Posts tagged russian literature

Literature and War Readalong: Everything Flows by Vasily Grossman

I’m reviewing this book as part of the Literature and War Readalong hosted by Caroline of the excellent book blog Beauty is a Sleeping Cat. The first thing to say about this book is that it is unfinished. The second thing to say about it is that it’s brilliant. Which leads me, of course, to the third thing: How good would this book have been if Grossman had finished it? Let’s start with the good things. Vasily Grossman brilliantly depicts the horror of Stalinist Russia side by side with the… Read More

“Russian Short Stories from Pushkin to Buida” Part 5

The final part in my journey through Russian literature. For the original post in the series, please click here. Varlam Shalamov Here we move into the Stalinist era and writing about the Gulag. Through the Snow is a beautiful extended metaphor about writing as walking through virgin snow, with readers coming along behind on tractors and horses. Berries is about prisoners being tempted by berries just on the other side of a line they are not allowed to cross. One of them crosses, and is shot dead. The guard comes… Read More

“Russian Short Stories from Pushkin to Buida” Part 4

For the original post in this series, click here. Isaak Babel These three stories come from Babel’s posting as the equivalent of an embedded war correspondent with a Cossack regiment in Poland in 1920. They are not compromised or sanitised in any way, however: the convey the full savagery and horror not only of war but of military life. My First Goose, for example, is set not on the battlefield but in the barracks, where the narrator arrives, a bookish political commissar, and is mocked and threatened by the soldiers…. Read More

“Russian Short Stories from Pushkin to Buida” Part 3

For the original post in this series, click here. The Gentleman from San Francisco and In Paris by Ivan Bunin Two stories about abrupt deaths, both beautifully written, both very different. The Gentleman from San Francisco is about the transitory nature of existence. A bit like Dostoevsky’s Bobok, it shows how a lot of the things we think are important are rendered irrelevant by death. The gentleman from San Francisco is very wealthy and is treated with exaggerated deference by the staff at a hotel in Italy, but when he… Read More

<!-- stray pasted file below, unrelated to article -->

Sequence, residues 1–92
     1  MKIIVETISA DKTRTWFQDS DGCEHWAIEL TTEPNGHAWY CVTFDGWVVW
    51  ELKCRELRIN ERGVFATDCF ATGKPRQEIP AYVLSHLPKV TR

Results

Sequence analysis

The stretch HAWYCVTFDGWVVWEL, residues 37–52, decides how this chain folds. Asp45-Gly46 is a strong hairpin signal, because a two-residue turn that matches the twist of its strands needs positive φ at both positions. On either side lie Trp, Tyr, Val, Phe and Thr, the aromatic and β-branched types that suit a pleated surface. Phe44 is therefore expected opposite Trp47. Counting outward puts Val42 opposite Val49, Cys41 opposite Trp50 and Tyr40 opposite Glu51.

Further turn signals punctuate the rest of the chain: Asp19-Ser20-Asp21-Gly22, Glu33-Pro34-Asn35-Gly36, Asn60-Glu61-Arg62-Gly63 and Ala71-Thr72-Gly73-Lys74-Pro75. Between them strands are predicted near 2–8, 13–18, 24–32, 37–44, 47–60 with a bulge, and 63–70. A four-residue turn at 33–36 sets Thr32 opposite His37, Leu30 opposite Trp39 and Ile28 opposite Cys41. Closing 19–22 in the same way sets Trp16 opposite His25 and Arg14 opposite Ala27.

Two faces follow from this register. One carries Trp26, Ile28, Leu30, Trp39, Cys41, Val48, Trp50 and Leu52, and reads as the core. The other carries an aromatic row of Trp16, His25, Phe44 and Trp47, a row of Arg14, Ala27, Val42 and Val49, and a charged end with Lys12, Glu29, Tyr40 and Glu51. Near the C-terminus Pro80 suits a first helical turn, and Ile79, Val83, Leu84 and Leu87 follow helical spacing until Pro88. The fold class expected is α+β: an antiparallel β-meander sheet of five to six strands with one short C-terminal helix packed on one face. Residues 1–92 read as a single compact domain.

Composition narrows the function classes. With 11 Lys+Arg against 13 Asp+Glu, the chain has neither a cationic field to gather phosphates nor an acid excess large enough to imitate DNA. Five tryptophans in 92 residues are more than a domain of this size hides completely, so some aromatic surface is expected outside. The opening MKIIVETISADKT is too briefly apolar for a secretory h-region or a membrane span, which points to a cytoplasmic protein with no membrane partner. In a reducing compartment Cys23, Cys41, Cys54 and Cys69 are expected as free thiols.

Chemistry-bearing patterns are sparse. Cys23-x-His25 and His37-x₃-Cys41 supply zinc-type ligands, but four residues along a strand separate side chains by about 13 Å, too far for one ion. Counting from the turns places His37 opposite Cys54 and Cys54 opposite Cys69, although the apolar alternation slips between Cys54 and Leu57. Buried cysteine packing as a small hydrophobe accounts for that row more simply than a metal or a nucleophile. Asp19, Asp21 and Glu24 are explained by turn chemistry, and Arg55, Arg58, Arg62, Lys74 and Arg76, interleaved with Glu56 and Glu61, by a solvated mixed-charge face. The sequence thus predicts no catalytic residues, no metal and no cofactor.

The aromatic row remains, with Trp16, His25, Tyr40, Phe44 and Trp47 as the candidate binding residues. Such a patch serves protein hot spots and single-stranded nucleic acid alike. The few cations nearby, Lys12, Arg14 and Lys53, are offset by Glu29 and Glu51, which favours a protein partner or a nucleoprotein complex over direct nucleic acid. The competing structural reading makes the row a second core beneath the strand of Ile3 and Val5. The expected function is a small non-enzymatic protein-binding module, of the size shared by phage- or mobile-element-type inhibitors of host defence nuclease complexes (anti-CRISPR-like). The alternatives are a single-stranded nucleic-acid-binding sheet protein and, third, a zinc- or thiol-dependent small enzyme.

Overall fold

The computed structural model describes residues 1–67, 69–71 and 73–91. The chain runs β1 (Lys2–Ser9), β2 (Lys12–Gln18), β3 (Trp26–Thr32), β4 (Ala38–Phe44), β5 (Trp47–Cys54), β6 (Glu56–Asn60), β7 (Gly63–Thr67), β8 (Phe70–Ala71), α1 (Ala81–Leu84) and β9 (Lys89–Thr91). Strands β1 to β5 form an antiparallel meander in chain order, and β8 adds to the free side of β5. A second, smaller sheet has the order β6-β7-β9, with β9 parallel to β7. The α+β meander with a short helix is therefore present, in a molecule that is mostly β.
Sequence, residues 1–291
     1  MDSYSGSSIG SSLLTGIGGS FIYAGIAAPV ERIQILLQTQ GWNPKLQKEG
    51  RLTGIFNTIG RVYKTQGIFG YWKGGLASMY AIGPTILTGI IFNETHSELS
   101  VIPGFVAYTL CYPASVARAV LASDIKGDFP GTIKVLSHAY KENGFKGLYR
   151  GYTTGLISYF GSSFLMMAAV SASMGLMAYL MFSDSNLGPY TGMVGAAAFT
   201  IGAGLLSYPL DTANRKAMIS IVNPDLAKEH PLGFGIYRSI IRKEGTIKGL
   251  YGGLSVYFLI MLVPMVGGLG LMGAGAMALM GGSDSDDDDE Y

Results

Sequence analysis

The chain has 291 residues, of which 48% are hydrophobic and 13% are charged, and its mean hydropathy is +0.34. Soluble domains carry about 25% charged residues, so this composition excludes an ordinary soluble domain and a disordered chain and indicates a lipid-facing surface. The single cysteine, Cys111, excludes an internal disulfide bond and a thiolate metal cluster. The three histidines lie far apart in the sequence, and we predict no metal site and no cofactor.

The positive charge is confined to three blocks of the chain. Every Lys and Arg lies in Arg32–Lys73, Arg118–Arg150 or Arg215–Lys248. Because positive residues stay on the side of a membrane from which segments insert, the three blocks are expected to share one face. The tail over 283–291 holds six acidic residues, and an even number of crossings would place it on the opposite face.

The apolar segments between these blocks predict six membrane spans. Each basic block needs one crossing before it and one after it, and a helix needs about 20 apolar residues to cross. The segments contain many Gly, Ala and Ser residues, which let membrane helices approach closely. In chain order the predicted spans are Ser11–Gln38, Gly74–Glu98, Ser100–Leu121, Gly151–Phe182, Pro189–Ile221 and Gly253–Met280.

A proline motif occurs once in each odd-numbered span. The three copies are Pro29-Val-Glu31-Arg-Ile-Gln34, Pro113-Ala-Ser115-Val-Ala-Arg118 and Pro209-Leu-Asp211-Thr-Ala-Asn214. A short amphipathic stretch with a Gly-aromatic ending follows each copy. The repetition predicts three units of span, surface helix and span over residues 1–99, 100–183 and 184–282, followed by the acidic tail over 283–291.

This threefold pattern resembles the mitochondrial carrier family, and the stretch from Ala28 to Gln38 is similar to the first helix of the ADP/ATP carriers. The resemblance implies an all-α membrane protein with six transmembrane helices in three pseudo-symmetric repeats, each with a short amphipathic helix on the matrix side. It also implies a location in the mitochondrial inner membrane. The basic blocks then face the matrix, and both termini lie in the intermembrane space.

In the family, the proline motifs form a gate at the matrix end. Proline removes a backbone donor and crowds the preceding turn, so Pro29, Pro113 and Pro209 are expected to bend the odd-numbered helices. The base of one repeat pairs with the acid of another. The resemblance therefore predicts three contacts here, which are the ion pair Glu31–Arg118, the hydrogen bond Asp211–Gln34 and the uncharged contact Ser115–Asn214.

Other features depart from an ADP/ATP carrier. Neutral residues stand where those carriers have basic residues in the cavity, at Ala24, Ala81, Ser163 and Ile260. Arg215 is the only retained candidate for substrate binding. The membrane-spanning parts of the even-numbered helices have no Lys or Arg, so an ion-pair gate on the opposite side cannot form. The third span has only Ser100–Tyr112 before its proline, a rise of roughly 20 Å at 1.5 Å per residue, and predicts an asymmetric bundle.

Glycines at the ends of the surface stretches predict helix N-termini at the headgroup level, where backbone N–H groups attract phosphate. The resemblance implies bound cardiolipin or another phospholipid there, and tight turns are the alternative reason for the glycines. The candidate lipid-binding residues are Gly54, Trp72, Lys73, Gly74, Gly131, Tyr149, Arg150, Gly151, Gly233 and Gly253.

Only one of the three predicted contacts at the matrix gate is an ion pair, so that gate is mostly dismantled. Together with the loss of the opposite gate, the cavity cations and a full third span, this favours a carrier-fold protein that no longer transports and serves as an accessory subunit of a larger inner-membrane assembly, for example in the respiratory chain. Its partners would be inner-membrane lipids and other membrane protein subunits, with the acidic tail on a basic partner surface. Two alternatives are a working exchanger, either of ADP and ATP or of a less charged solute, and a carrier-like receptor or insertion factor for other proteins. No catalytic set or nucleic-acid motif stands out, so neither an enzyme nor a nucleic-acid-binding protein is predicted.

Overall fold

“Russian Short Stories from Pushkin to Buida” Part 2

Continuing my journey through Russian literature: if you want to see the introduction and reviews of earlier stories, click here. Bobok by Fyodor Dostoevsky Not my favourite Dostoevsky, this one. It’s quite a funny little story about a man who goes to a graveyard and hears the dead people talking to each other in their graves. There’s some good satire about people’s social pretensions – although you’d think it wouldn’t matter any more, the dead people are still very concerned with rank and status and impressing other people. But nothing… Read More

“Russian Short Stories from Pushkin to Buida” Part 1

I was always going to enjoy this book. I have loved Russian literature from an early age, and this short story collection is a Hall of Fame of Russian literature. With a few exceptions, which the editor Robert Chandler highlights in his introduction, the big names are all here. The main omissions are Gorky, Grossman, Pasternak and Sholokhov, because their best work is in other forms like novels or poetry, and Nabokov, because agreement couldn’t be reached with his publishers. But there’s still Pushkin and Tolstoy and Dostoevsky and Gogol… Read More

“The Master and Margarita” by Mikhail Bulgakov

The devil is unleashed in Stalinist Moscow. The funny thing is that while the devil kills, maims and causes havoc throughout the city, he is very far from a traditional definition of evil. In fact, the character struck me as being more like an avenging angel, punishing people for various sins such as cowardice, greed, vanity or lust. There is a further subversion of expectations later in the novel when Margarita makes a pact with the devil to find the character she calls the Master. We are so used to… Read More

“The Gentle Spirit” by Fyodor Dostoevsky

Dostoevsky is one of my favourite writers. I discovered him in my teenage years, read as many of his books as I could get my hands on, and to be honest haven’t read anything else by him in a long time. I still count him as one of my favourite writers, though, more on memory than anything else. His writing is so urgent and immediate, and began to open up a world for me beyond 1990s South London. The Gentle Spirit is very short – longer than a short story,… Read More